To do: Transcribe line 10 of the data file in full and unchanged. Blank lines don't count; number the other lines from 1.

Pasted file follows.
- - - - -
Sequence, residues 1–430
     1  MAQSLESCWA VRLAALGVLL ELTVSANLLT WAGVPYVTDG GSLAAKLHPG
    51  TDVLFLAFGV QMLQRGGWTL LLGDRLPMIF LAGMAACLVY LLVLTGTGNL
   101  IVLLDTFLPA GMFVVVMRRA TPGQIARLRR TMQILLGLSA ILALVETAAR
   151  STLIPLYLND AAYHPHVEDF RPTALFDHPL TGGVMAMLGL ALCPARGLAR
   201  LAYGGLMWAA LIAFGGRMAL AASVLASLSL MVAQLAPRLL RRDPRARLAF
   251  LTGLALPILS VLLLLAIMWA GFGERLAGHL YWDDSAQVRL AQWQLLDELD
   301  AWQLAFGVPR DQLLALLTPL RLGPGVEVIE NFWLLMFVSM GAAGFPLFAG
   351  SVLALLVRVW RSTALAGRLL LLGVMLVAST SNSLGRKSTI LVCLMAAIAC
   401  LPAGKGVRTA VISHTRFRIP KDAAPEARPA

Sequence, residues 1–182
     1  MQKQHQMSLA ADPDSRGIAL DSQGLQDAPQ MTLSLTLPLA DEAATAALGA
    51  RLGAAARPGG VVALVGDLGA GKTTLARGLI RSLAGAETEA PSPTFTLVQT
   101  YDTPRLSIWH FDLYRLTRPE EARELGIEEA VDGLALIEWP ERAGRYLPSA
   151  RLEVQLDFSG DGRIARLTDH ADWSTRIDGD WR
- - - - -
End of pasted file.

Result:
   401  LPAGKGVRTA VISHTRFRIP KDAAPEARPA